In today’s dynamic and ever-evolving maritime shipping industry, the importance of a dynamic commercial solution has never been greater. In fact, around 70% of maritime organizations are in the process of exploring digital solutions. But choosing the right solution and positioning it for success requires organizations to take the time to define what success looks like and gain stakeholder buy-in from day one.

That’s where the business case comes in. A strong and compelling business case can help you identify your organization’s driving need for a new solution, paint a picture for its ideal future state, highlight the solution’s ability to serve each stakeholder, and put a thoughtful implementation plan in place. The most successful business cases are those that are built on a true understanding of the organization’s strategic and functional goals.

Central to any business case is the single most important thing, or SMIT. This is the primary driving force that will serve as the cornerstone of your business case, a top strategic challenge or objective that should be powerfully addressed through the adoption of your intended solution. But with so much on the collective mind of the maritime shipping ecosystem, how are you to choose just one? Follow these four steps to arrive at your SMIT and begin building your case.

1. Make a list.

With shifting industry dynamics and a myriad of challenges both inside and outside of the organization’s control, it is not difficult for maritime shipping organizations to come up with a laundry list of key business challenges and objectives. What can be difficult, however, is choosing just one. Start by listing everything that’s on your mind. Some prevalent objectives for today’s maritime shipping and marine logistics organizations include managing the risk associated with evolving regulations, increasing stakeholder visibility across the organization, enhancing process efficiency, and improving environmental sustainability. Creating a list of some of your organization’s primary strategic priorities is in an important starting point as you begin to build your case.

2. Narrow it down.

Chances are, this list is quite exhaustive. In order to narrow it down, consider the importance, longevity, and complexity of each item on your list. Let’s use environmental sustainability as an example. First, examine its importance. Environmental sustainability is among the most strategically important objectives for the entire maritime shipping ecosystem, and the industry as a whole has agreed to prioritize it moving forward. In addition to its obvious ecological importance, this objective is also commercially important. More sustainable decisions are frequently more cost effective decisions, and focusing on reduced consumption is good for business. Now, consider the objective’s longevity. Environmental sustainability will only increase in importance over time. It will continue to be a priority three, five, and even ten years down the road. This signals an objective worth investing in. Third, assess its complexity. The best SMITs are not easily solved. Similarly, environmental sustainability requires organizations to measure consumption, track emissions, and incorporate these considerations into daily workflows through robust decision support. It is quite complex to solve.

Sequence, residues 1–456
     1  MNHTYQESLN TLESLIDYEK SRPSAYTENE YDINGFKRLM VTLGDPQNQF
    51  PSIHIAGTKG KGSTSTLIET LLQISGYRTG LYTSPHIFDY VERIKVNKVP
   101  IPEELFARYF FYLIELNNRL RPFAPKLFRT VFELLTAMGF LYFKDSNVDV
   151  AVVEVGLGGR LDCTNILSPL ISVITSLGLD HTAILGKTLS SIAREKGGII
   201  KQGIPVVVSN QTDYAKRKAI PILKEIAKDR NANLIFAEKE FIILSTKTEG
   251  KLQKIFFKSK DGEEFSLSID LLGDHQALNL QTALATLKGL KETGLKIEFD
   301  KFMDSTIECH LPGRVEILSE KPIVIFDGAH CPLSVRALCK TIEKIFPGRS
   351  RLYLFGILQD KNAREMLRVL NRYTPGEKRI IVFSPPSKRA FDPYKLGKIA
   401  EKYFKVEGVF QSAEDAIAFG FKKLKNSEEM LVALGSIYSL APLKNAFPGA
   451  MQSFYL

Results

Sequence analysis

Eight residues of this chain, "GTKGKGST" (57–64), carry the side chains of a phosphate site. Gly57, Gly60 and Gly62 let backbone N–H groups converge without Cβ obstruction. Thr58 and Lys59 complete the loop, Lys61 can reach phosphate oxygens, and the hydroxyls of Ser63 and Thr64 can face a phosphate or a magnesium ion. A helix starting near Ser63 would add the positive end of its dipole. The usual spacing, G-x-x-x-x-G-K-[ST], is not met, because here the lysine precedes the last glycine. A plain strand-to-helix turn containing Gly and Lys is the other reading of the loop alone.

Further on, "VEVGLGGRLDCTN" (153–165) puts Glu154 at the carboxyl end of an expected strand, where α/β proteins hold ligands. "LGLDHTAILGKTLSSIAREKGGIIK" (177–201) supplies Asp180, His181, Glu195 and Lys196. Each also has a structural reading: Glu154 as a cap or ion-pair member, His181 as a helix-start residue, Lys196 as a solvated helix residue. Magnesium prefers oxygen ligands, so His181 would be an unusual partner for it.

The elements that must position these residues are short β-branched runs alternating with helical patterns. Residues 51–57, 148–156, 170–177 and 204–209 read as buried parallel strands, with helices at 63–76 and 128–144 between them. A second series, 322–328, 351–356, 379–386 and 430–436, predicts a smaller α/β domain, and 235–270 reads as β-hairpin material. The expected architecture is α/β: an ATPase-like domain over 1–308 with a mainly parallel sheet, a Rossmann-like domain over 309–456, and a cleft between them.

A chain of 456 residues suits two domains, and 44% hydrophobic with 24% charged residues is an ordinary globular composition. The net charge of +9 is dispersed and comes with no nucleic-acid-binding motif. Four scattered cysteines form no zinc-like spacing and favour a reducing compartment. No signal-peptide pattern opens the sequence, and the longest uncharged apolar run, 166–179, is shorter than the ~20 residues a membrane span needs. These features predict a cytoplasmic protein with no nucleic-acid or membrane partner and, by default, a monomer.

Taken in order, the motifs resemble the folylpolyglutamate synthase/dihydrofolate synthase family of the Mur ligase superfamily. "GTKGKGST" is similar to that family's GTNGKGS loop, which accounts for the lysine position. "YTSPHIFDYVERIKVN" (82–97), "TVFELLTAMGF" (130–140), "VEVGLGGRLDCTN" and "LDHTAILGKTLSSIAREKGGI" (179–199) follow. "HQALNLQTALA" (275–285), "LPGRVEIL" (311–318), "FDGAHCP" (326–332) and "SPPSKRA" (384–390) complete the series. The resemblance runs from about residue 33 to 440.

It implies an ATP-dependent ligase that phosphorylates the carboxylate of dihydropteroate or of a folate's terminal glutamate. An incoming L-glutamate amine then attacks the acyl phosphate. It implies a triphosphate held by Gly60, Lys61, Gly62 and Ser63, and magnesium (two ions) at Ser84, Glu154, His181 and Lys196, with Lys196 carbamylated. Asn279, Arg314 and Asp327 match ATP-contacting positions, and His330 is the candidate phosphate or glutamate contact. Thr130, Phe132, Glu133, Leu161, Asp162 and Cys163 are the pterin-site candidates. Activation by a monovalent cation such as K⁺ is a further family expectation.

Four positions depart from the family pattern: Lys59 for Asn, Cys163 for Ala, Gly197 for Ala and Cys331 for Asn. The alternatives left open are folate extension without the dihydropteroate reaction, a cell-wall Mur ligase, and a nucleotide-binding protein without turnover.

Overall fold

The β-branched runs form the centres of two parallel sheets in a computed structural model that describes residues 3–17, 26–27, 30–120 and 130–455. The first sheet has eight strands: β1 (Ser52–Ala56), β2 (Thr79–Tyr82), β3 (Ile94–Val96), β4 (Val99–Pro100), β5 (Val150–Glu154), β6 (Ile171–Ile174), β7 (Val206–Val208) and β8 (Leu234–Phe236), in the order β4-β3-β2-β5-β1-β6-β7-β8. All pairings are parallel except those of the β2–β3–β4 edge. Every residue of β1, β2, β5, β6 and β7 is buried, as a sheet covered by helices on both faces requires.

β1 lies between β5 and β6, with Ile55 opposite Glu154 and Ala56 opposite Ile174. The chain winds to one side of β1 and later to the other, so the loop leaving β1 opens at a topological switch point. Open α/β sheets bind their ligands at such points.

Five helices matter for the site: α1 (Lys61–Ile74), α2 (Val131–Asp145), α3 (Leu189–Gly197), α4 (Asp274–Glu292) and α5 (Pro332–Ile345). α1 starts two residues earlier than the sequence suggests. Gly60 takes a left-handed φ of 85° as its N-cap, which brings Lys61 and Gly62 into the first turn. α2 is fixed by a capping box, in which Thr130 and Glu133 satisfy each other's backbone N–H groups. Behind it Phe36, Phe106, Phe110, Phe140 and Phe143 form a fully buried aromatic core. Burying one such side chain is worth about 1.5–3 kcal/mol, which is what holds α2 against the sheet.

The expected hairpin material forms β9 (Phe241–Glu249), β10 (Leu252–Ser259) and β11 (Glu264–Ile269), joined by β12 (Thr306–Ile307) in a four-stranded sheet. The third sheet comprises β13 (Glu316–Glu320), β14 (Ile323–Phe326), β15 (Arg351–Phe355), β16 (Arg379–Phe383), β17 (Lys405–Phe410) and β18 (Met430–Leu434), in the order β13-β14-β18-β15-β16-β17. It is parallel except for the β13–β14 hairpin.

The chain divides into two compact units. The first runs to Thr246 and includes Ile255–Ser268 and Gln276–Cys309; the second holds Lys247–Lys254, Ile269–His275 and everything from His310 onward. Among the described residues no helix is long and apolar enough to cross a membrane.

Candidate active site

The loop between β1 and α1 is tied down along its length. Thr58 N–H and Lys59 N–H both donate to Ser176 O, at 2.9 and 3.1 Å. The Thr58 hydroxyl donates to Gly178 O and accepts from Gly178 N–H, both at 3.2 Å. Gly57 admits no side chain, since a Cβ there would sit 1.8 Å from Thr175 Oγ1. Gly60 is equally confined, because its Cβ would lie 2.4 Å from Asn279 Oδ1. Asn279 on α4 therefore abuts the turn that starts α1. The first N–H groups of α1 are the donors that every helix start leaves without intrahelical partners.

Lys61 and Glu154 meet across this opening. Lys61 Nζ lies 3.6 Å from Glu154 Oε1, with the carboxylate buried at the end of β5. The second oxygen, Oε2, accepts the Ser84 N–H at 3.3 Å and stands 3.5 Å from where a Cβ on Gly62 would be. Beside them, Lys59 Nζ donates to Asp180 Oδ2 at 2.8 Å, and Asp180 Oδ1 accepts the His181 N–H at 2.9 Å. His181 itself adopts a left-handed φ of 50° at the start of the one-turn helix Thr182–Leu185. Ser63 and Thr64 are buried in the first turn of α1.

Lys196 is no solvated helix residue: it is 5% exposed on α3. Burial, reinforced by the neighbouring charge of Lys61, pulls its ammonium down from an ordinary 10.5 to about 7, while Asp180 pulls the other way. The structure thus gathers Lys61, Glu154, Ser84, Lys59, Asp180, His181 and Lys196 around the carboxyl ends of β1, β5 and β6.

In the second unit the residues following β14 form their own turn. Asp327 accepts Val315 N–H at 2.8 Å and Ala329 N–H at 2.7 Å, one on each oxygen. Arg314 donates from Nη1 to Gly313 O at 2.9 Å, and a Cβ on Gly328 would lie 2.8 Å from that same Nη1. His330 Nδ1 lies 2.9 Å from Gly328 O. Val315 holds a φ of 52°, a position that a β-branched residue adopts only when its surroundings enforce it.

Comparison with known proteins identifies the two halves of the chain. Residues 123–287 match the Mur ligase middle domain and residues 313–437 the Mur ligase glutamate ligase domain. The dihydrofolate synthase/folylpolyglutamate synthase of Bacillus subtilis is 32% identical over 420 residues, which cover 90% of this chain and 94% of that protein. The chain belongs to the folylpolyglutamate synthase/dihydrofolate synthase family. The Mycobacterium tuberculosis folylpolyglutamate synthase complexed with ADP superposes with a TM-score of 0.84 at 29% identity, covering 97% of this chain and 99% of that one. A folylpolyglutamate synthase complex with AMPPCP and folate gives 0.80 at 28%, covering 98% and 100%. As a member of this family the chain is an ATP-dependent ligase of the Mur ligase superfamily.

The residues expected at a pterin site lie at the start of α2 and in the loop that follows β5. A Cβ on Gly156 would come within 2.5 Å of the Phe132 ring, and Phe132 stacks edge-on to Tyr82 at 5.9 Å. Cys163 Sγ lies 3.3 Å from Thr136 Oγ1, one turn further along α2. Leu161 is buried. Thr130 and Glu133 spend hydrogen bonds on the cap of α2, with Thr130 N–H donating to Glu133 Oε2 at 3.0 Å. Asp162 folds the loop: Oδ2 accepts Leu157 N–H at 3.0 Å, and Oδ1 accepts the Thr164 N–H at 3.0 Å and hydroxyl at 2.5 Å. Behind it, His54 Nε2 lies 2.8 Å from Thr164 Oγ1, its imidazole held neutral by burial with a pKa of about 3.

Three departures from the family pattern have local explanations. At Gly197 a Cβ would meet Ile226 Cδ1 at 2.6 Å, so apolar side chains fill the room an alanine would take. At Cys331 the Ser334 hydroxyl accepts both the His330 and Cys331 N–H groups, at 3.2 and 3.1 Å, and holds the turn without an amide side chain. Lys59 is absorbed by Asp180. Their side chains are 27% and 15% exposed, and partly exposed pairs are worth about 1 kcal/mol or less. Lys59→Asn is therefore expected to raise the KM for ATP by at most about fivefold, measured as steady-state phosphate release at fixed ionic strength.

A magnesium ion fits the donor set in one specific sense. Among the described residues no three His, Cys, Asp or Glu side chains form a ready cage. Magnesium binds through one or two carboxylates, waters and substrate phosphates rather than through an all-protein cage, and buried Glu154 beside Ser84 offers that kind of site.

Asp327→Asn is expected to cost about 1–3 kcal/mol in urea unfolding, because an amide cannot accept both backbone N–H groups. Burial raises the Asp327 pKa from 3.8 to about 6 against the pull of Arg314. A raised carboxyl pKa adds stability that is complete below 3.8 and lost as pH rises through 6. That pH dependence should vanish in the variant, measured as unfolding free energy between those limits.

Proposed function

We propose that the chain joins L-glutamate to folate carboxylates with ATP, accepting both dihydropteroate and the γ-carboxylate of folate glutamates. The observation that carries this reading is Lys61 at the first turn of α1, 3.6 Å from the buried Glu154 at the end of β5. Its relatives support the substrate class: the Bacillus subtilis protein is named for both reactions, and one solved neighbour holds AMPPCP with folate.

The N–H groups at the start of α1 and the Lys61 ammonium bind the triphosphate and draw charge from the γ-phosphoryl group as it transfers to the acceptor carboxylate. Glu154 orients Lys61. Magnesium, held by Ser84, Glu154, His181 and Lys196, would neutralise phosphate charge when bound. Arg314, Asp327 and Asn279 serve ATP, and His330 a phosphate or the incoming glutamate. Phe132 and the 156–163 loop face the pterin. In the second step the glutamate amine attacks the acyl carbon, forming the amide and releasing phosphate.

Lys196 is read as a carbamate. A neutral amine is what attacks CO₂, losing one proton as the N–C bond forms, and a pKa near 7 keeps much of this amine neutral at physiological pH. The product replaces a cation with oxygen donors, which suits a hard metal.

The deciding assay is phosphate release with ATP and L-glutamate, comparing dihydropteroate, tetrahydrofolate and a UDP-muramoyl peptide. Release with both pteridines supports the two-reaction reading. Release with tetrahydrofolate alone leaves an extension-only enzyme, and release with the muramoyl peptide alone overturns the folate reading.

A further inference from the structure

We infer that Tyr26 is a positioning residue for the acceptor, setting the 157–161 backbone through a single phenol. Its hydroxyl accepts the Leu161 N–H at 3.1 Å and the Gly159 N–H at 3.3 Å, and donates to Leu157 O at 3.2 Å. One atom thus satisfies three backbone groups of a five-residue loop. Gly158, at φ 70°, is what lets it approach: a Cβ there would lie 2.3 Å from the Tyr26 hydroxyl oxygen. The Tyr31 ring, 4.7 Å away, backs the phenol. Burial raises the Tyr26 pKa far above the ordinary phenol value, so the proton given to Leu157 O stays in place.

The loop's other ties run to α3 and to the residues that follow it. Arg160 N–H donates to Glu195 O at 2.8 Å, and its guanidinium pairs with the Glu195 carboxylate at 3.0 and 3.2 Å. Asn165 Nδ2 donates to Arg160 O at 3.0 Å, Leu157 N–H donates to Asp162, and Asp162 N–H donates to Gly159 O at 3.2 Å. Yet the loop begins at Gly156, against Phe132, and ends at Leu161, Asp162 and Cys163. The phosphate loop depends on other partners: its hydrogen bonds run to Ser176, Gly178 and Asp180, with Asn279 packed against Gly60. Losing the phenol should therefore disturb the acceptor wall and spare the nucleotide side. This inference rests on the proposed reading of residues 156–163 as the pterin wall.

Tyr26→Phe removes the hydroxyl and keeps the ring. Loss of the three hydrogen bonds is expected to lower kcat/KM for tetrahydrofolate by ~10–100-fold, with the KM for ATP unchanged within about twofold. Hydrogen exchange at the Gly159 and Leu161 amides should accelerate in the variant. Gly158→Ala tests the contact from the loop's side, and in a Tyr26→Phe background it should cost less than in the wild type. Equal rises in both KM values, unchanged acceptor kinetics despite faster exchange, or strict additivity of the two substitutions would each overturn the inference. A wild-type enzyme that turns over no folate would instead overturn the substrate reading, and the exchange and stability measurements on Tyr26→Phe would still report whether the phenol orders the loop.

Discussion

3. Talk to key stakeholders.

Once you have your list narrowed down to two or three potential SMITs, it’s time to have conversations with your organization’s key stakeholders. SMITs are typically cross-functional, so your key stakeholders will more than likely have a perspective to share. Talk to them. What do they see as your chief strategic priority? How is their respective functional area impacting your ability to achieve this goal? Stakeholder conversations might change your perspective. Perhaps you thought your primary goal was regulatory risk, but stakeholder conversations reveal that freight exposure is actually having a greater business impact. Holding discussions with users across functions will enable you to more readily identify one, overarching objective to guide your business case while sowing the seeds for buy-in as early as possible.

It’s important to note that choosing your SMIT does not disqualify your business’ other key objectives. It is intended to set the tone for your business case, and as you address your SMIT, addressing your secondary objectives will naturally follow.

4. Address this objective with the solution.

After landing on your SMIT, you can begin to craft your business case. Your business case should draw a clear connection between your SMIT and your intended solution. How does the solution support you in achieving your SMIT? How does it enable each key stakeholder to play their part as you work towards this objective? Your SMIT is not just a starting point for your business case, but will remain a core focus as you present your case, prepare for implementation, and, ultimately, begin utilizing the solution. Make sure you define SMART objectives to advance this goal, and then assess your progress long after solution adoption.

Build Your Case for the Veson IMOS Platform You’ve chosen your SMIT—now, let us help you build your case. The Veson IMOS Platform (VIP) delivers a dynamic suite of solutions to serve each of your business’ key stakeholders and empower you to address your top strategic priorities. Read our quick guide to learn how you can start building an effective business case for the solution today. Ready to take the next step? Contact a Veson representative.